There is no better way to validate your life’s experience as a woman business leader than to use your accumulated knowledge to give back. When I have the opportunity to really help someone through a mentoring program, I feel that I get as much out of the experience by giving and sharing as the recipient of the mentoring gets from me.
What I find really exciting is the opportunity to move beyond my past ideas and experiences and watch as they reemerge in new and progressive ways through those that I mentor. And, I love the idea of having new opinions layered and added to past experiences.
Above all though, I believe that you cannot mentor successfully without having passion for mentoring and for the opportunities you are providing. To be an effective mentor, Mindtools suggests you need to do the following:
1-Have the desire to help
You should be willing to spend time helping someone else, and remain positive throughout.
2-Be motivated to continue developing and growing
Your own development never stops. To help others develop, you must value your own growth too. Many mentors say that mentoring helps them with their own personal development.
3-Have confidence and an assured manner
We don’t mean overconfidence or a big ego. Rather, you should have the ability to critique and challenge mentees in a way that’s non-threatening, and helps them look at a situation from a new perspective.
4-Ask the right questions
The best mentors ask questions that make the mentee do the thinking. To do this, try asking open questions that cannot be answered with just yes or no. Or ask more direct questions that offer several answer options. Then ask the mentee why they chose that particular answer.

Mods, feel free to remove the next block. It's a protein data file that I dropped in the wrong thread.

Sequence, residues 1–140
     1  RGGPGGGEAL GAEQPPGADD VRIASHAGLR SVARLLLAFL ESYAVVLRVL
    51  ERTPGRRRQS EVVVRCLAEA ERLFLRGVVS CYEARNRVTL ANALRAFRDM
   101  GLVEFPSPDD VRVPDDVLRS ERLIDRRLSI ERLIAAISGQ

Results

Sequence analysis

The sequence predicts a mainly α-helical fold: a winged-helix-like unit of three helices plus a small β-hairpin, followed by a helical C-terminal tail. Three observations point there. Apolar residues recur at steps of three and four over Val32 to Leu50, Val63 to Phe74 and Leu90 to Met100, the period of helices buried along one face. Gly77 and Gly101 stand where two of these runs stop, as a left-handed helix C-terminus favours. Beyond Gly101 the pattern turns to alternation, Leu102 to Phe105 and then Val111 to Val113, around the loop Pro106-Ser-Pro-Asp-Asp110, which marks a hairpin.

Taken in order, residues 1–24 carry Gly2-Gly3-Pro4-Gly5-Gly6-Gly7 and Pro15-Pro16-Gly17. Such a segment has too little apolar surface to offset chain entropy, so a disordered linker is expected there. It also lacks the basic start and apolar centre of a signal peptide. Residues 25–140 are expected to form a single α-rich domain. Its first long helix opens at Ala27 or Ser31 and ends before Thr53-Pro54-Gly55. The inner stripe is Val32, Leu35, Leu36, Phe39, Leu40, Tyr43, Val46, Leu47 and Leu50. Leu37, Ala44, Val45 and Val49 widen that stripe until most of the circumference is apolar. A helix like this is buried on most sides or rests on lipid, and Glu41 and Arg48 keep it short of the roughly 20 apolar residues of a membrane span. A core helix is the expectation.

Be careful to process everything the mentee is saying. Watch body language, maintain eye contact, and understand which topics are difficult for the mentee to discuss. Showing someone that you’re listening is a valuable skill in itself. It shows that you value what the person is saying and that you won’t interrupt them.
Do this in a way that accurately and objectively summarizes what you’ve heard, but also interprets things in a way that adds value for the mentee. In particular, use feedback to show that you understand what the mentee’s thinking approach has been. This is key to helping the mentee see a situation from another perspective.
Mentoring truly is one of my great accomplishments, and I’d like to share a few of my favorite blogs on mentoring here: “7 Ways Women Business leaders Can Motivate and Mentor Others,” and “Create a Mentoring Group for Women Business Leaders in 5 Easy Steps.”